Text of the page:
Melbourne’s McMansion meltdown deepens

By Leith van Onselen

Last year it became apparent that Melbourne’s house and land market had become an giant bubble after the median price for a housing lot hit $339,000 – up 21% in only 12 months – with steeper rises in the cost per square metre:

Mid last year we learned that that Chinese developers had taken control of Melbourne’s land supply pipeline, driving much of the price increase:

Chinese developers have taken a virtual stranglehold on the future supply of new housing in Melbourne’s outer suburbs after acquiring more than two-thirds of all big greenfield land parcels offered for sale in the past 18 months, in deals worth about $2 billion.

This surge of foreign capital has pushed broadacre land values above $1 million a hectare and contributed – along with planning and infrastructure delivery bottlenecks – to the cost of a standard 400 square metre lot rising 30 per cent in a year to a median of $323,000.

In August 2018, the panic began to set in with land speculators rushing for the exits:

Speculators who hoped to get rich on a boom in Melbourne land prices are “panicking” as settlements loom and they can’t find developers to on-sell their sites to, according to Resi Ventures’s Khurram Saaed, who has been developing for 15 years.

Mr Saaed said he was getting one call a week from panicked speculators, including one buyer who had put down $21 million in deposits on a number of sites and risked losing all their money.

“These are people who have been successful in other business, and who have just bought land with no due diligence in the hope of making a lot of money in three to four years’ time by flipping the site prior to settlement,” he told The Australian Financial Review.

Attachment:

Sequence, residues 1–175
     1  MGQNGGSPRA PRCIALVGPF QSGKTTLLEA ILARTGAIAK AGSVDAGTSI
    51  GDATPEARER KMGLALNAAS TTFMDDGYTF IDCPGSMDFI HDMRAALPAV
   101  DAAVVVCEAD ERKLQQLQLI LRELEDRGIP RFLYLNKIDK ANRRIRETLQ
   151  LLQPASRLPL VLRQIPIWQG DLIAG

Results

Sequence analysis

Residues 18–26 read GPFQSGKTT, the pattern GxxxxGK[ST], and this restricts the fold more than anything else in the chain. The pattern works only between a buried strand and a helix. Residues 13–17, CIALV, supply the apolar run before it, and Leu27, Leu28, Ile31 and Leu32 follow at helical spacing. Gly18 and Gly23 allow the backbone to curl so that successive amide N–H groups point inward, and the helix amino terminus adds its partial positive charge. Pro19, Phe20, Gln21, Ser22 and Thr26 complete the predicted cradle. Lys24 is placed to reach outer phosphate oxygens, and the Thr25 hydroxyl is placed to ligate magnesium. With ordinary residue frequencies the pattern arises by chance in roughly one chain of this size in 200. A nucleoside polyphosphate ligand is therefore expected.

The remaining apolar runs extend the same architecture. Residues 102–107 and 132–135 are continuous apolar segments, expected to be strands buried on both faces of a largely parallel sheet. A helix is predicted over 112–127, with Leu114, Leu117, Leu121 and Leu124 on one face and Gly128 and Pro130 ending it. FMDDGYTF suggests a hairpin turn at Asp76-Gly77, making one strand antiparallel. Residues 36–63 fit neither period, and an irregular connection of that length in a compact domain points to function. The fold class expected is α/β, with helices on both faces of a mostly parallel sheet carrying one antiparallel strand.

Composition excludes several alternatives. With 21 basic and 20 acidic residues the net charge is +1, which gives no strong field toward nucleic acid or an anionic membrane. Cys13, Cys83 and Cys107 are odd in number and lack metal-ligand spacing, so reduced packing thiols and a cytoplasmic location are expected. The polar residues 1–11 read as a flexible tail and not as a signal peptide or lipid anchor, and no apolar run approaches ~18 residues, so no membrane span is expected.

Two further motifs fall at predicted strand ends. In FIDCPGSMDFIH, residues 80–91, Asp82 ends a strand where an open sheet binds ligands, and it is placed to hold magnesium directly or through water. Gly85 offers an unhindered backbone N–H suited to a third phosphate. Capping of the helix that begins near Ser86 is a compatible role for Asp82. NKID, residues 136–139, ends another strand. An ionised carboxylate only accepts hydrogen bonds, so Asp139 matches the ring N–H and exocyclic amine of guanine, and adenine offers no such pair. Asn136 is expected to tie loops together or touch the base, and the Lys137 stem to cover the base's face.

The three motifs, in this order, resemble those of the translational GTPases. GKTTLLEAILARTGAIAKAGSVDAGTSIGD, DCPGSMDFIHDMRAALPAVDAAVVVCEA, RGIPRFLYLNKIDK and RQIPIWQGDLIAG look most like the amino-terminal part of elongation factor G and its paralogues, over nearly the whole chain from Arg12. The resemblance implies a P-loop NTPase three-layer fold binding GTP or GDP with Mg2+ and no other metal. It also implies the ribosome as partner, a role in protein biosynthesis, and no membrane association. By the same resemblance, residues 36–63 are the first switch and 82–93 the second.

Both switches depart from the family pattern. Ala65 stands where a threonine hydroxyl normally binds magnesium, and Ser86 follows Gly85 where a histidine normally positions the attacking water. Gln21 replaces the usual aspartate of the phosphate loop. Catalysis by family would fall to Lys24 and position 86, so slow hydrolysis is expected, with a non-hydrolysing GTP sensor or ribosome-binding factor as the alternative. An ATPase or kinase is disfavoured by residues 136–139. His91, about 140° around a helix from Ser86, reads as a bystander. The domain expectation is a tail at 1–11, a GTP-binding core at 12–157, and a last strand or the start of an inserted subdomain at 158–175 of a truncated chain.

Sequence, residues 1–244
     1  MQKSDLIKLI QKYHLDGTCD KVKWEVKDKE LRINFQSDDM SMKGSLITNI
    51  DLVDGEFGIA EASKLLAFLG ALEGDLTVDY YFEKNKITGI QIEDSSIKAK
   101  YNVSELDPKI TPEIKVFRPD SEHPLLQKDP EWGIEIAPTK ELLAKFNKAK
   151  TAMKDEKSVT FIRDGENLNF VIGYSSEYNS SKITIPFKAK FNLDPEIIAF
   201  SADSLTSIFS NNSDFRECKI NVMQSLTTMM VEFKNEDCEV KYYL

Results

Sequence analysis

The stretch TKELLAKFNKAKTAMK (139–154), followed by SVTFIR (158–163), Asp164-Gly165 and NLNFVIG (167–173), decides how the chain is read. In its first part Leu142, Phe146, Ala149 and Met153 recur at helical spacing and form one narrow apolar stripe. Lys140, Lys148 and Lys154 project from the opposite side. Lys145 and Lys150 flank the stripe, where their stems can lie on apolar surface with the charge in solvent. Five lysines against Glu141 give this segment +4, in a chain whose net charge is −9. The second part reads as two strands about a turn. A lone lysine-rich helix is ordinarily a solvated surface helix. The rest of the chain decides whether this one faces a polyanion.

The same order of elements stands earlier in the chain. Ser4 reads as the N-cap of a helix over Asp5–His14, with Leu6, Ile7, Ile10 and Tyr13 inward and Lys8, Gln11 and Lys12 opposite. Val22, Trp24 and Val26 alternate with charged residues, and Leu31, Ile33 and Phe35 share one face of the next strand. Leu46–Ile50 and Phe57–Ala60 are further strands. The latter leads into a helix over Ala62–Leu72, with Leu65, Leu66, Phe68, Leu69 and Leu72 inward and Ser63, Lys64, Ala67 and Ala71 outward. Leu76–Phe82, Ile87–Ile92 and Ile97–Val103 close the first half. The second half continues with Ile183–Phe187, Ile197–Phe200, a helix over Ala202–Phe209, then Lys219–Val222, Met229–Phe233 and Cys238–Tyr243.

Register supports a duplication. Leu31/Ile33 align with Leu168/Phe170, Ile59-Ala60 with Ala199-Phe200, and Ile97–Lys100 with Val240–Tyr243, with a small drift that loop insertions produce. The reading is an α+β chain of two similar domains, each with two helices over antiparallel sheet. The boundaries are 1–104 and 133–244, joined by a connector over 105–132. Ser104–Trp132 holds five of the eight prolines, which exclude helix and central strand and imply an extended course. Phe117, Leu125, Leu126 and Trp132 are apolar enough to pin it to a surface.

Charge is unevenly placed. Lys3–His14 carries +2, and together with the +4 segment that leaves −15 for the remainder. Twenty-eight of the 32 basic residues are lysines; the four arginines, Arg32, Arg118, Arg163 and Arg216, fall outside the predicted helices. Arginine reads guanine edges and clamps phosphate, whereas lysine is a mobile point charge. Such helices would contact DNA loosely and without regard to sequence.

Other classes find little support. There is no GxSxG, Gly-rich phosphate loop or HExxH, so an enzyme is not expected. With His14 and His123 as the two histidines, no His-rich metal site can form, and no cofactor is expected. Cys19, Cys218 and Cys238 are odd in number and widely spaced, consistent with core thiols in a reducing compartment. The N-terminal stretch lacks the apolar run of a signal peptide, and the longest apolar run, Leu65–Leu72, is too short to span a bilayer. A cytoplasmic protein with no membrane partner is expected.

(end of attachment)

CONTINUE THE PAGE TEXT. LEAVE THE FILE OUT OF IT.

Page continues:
In October 2018, the contagion had spread to the secondary market, with speculators attempting to flip their lots on Gumtree:

A rising number of land owners in Victoria are selling off-the-plan housing lots on classified advertisement and community website Gumtree ahead of their expected settlements next year.

In the first three weeks of October, nearly 50 advertisements have been uploaded – more than twice the number in September – offering sales of lots in communities like Dahua Group’s Orchard project in Tarneit, Satterley Property Group’s Botanical in Mickleham, MAB’s Merrifield in Mickleham and Stockland’s Edgebrook Community in Clyde and Cloverton in Kalkallo.

Other land sites for sale are in places such as Greenvale, Melton, Lyndhurst and new suburb Weir Views, all of which are about 20 to 35 kilometres from the Melbourne CBD.

In November 2018, Financial Review Rich Lister Nigel Satterley initially warned of an impending bust for Melbourne housing estates as speculators default on thousands of sales contracts:

Melbourne housing lot prices will “quickly” tumble up to 10 per cent as Uber-driving speculators and foreign investors default on thousands of sales contracts, Financial Review Rich Lister Nigel Satterley has warned.

…”We believe that over the next 30 months 5000 growth-area lots (about 165 lots a month) will return to the market, either by defaults or speculators having to resell their blocks immediately,” Mr Satterley told The Australian Financial Review.

“This will be caused through a number of foreign house and land package sales where the purchasers were unable to obtain Australian bank finance or speculators’ inability to settle.